Nevertheless, there are undoubtedly start-ups to watch in the coming months that capitalize on cost savings, consumer trends, and market opportunities. Here is Forbes’ recent list, for example: Promising start-ups in 2022.

Another key observation based on Chart 4 is the relative transferability of some of these skills versus other industry segments.  As we highlighted in our transferability analysis (Read more), generic skills such as Business Development or Sales Management are most universally transferable followed perhaps by Finance, Budgeting, Product Development, and Business Planning.  As you will see from Chart 4, some of these are present, but only Finance ranks high in the list.  In other words, there is a relatively high level of specialization in this industry vertical.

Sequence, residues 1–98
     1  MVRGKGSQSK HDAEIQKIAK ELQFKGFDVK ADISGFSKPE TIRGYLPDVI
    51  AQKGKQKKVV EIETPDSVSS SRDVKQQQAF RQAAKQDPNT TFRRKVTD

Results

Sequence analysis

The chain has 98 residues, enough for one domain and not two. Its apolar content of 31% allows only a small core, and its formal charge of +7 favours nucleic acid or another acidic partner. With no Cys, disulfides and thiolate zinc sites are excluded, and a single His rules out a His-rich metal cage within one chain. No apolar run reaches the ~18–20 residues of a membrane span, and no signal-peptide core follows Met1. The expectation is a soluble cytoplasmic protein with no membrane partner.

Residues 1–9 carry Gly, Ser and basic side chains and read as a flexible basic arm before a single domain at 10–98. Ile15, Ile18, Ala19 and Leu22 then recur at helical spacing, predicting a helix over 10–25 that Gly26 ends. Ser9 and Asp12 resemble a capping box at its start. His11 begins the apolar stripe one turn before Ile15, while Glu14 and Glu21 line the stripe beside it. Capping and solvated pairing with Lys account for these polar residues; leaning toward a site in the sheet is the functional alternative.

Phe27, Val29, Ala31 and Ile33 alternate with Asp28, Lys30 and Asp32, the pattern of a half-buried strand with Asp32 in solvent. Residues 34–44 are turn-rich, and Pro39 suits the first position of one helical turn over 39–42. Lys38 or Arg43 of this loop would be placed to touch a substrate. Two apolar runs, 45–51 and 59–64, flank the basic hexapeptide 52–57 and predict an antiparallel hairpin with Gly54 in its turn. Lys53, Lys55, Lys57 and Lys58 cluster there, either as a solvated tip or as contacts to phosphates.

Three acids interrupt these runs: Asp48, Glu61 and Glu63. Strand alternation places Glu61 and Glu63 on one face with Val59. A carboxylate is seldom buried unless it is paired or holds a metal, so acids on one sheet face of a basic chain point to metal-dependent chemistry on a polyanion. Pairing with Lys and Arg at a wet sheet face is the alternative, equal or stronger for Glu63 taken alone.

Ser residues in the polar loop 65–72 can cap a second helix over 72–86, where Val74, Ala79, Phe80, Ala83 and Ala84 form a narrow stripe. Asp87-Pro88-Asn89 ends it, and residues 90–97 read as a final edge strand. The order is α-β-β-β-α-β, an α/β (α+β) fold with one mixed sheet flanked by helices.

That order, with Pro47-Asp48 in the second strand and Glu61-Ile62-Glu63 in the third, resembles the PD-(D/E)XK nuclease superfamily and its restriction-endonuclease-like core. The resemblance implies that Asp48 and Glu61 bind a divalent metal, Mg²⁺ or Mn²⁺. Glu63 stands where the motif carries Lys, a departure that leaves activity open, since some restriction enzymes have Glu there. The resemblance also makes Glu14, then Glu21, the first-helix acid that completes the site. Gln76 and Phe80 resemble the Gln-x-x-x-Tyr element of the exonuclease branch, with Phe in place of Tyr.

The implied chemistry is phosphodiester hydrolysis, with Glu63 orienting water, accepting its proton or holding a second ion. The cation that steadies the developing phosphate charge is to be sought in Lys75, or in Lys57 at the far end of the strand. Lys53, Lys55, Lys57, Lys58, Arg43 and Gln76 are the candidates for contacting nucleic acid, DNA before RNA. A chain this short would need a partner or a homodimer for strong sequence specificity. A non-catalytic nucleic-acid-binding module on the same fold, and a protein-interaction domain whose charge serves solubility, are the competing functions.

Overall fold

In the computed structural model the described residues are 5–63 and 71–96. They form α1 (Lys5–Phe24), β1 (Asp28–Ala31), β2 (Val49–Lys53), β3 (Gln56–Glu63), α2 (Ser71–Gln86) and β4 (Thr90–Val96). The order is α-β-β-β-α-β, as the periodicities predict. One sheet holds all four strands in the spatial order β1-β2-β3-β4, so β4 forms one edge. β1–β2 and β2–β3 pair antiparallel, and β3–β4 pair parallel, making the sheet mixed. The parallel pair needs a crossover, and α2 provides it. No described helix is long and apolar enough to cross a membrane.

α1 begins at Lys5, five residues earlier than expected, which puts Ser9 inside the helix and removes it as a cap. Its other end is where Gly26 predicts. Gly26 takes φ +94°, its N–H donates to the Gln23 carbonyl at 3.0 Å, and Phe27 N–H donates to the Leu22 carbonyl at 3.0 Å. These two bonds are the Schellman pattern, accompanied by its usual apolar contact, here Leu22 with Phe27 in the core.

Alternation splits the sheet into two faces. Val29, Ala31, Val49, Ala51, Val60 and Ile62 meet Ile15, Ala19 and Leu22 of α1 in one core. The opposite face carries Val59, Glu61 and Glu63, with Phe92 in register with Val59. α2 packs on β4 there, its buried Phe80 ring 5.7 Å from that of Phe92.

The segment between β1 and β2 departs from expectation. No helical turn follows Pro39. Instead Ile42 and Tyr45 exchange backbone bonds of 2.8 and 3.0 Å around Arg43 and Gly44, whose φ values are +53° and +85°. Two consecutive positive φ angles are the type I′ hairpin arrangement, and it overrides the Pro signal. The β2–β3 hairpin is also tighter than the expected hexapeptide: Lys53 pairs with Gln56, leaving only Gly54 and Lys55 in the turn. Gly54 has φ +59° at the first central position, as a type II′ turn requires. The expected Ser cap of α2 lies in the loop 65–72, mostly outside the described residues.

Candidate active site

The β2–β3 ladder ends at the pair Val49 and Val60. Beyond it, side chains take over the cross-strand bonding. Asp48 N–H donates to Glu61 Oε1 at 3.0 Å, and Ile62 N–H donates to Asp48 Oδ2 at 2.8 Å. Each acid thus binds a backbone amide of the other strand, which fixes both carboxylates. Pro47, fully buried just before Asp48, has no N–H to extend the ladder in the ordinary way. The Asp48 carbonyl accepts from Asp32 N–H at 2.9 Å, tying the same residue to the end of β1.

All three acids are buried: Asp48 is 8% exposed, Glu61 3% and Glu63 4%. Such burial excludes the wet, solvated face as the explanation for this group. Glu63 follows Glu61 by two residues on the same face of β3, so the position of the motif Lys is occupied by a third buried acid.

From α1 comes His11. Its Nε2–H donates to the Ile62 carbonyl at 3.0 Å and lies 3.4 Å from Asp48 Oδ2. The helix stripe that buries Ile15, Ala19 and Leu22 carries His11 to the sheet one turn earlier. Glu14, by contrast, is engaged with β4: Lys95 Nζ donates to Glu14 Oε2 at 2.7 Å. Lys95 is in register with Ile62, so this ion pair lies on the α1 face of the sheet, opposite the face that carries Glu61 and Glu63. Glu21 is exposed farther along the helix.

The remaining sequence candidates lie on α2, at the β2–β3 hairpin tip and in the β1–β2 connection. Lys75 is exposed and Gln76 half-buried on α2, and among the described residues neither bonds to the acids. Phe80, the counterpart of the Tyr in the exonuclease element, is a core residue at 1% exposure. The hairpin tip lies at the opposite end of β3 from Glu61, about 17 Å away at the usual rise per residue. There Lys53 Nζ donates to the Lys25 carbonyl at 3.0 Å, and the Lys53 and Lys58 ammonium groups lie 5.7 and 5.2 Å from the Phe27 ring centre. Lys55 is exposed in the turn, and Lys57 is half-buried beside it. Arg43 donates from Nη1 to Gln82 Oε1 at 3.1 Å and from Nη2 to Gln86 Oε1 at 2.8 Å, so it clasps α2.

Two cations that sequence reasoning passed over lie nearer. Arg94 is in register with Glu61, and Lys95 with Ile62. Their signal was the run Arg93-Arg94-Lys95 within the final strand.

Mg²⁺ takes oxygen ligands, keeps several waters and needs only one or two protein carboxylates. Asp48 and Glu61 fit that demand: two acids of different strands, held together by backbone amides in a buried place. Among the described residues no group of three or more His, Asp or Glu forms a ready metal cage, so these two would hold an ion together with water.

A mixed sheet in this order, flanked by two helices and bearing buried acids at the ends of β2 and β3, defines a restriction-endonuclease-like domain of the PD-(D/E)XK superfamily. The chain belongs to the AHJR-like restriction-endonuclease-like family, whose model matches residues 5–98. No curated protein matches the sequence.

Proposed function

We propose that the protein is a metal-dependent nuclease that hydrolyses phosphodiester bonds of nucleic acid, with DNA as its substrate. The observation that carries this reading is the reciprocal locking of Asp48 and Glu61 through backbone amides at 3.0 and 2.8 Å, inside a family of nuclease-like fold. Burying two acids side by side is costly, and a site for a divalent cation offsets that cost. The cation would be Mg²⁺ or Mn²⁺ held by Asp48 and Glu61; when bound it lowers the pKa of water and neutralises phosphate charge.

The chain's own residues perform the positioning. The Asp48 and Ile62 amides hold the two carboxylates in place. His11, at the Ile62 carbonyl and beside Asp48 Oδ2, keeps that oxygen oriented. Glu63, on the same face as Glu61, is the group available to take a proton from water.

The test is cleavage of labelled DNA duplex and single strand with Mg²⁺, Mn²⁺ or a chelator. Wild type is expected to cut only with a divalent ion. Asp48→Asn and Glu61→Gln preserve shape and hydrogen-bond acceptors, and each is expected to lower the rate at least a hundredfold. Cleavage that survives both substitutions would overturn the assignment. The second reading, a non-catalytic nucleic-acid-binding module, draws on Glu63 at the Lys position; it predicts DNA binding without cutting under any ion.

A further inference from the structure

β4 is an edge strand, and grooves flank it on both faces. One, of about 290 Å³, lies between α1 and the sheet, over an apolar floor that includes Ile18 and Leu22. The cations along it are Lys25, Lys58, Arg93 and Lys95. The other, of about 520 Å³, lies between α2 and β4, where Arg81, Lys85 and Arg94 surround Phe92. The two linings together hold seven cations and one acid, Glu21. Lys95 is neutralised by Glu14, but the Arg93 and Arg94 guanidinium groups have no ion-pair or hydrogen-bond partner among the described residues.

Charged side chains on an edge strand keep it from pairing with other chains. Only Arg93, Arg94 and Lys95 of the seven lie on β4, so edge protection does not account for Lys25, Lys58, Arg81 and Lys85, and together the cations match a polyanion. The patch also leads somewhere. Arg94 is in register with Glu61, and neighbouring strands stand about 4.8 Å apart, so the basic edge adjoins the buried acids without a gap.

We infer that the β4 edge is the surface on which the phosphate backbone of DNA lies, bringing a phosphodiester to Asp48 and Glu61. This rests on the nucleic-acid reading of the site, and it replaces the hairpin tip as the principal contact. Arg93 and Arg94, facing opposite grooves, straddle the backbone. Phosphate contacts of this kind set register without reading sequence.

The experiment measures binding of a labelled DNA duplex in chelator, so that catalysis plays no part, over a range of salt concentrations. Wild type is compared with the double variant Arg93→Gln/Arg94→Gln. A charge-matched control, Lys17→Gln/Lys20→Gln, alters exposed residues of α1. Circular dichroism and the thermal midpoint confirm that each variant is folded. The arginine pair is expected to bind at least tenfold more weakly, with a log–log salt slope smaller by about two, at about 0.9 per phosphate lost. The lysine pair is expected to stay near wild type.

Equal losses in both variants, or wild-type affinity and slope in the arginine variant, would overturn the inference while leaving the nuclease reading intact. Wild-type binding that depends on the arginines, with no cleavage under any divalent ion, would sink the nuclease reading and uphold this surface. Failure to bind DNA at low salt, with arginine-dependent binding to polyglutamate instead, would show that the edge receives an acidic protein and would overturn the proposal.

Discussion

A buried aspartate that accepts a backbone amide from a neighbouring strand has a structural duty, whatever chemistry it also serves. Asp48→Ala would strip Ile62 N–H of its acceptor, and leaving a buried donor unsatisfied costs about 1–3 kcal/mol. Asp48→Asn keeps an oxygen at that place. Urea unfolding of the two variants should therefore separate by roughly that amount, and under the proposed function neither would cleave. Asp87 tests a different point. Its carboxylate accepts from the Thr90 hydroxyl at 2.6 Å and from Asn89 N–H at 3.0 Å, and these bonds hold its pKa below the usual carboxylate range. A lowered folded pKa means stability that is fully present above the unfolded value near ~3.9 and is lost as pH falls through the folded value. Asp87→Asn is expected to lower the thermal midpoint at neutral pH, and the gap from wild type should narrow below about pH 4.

The industry is notorious for hiring in a very regiment-ed way from primarily three sources: undergrads as analysts, banking analysts from banks, and hiring of industry insiders from other PE firms. (See source.)

Let us examine one example.  We mentioned Blackstone’s relatively rapid expansion early in this Update.  Where did those associates come from?

  • Goldman Sachs (+65/-13)
  • Morgan Stanley (+47/-9)
  • PwC (+45/-3)
  • EY (+37/-2)
  • Citi (+30/-8)
  • Blackrock (+26/-10)
The list goes on to name Deloitte, J.P. Morgan, and Credit Suisse, but perhaps that suffices to make the point. Note that the moves listed above are not only at the executive level, however, our research can also identify individual job changers in case that knowledge serves our clients’ social capital strategies.

Graph 5_Growing Locations

Most of the top 50 locations for PE/VC executives (Chart 5) seem to have grown faster than the industry average.  This suggests that some locations must also be shrinking or at least growing much more slowly (Chart 6).

Graph 6_Locations with Lowest Growth